Iraq: Did the war succeed? Now that we're gone, will Iraq go up in smoke?
Department of Defense photo by Spc. Elisha Dawkins, U.S. Army, released into public domain.
Editor's note: This post is part of a series by Dr. Baker on Our Values about core American values. The troops have pulled out of Iraq, and this week, Dr. Baker is discussing whether or not the benefits outweighed the costs.
Do you think the United States achieved its goals in Iraq?
And if so, was it worth the human and financial costs?
The answer to both questions is yes, according to Defense Secretary Leon Panetta.
"There is no question that the United States was divided going into that war," he said in a press briefing four days ago, "but I think the United States is united coming out of that war. We all recognize the tremendous price that has been paid in lives, in blood. And yet I think we also recognize that those lives were not lost in vain."
One result, he said, is an independent and sovereign Iraq, a country that can now govern and secure itself. "I think the price has been worth it," Panetta said, "to establish a stable government in a very important region of the world."
Many Americans are not so sure. Just over half (56 percent) say we mostly succeeded in achieving our goals, according to a poll last month by the Pew Research Center. About two thirds of Republicans (68 percent) say we mostly succeeded, compared to 56 percent of Democrats.
Only a minority of Americans (41 percent) say the removal of Saddam Hussein from power was worth the human and financial cost of the war, according to a CBS News Poll. And, only a third (33 percent) of Americans say the benefits of the Iraq war were worth the costs of fighting it, finds an ABC News/Washington Post poll.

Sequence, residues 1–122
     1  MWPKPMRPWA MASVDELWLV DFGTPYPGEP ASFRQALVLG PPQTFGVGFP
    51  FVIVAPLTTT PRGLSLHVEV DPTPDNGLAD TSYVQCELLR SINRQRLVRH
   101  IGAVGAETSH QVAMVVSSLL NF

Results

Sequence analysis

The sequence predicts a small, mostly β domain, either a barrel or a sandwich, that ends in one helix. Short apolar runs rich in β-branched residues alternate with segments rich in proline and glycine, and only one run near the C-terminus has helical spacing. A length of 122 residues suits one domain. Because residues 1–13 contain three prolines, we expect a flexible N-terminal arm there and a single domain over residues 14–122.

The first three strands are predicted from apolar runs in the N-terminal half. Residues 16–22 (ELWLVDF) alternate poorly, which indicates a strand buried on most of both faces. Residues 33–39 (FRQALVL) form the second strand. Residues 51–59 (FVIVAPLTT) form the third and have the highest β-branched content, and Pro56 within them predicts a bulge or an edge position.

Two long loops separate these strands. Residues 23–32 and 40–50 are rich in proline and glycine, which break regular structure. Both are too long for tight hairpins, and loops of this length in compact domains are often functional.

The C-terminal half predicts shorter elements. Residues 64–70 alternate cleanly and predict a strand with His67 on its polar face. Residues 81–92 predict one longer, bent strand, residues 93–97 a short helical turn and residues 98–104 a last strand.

Do you agree with Panetta’s assessment that we achieved our goals?
Was ousting Saddam Hussein from power worth the cost?
Do the benefits of the Iraq War outweigh the costs?
Now that we're gone, will Iraq go up in smoke?
With the withdrawal of American troops from Iraq, what’s next for this Middle Eastern country? The National Journal posed this question to several experts, and some of their predictions are dire: sectarian violence and civil war lay ahead for Iraq. At best, we can hope for stability, but not democracy — at least not in the sense we know it.
Do you agree with the experts?
A majority of the American people do, according to a recent NBC News/Wall Street Journal poll. Six of 10 Americans say that an "all-out civil war" in Iraq is very or somewhat likely. A majority (52 percent) believe that it is somewhat or very unlikely that the country will become more settled and less violent. And, a majority of Americans (60 percent) say it's unlikely that Iraq will achieve a stable democracy.
What will happen here? Will there more terrorist attempts on U.S. soil as a result of pulling our troops out of Iraq? Almost half (47 percent) of Americans say this is at least somewhat likely. A majority (52 percent) say this is unlikely to occur.
The experts didn't offer an opinion on the question of more or less terrorism, but one did offer an opinion of what is likely to happen here in the U.S.: nothing. We'll probably forget what happened and the lessons it could have provided us.
Do you agree with these experts?
What do you think is next for Iraq?
Will learn lessons from Iraq, or forget what happened?
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Originally published at www.OurValues.org, an online experiment in civil dialogue on American values.
Dr. Wayne E. Baker is a sociologist on the faculty of the University of Michigan Ross School of Business. Baker blogs daily at Our Values and can be reached at email@example.com or on Facebook.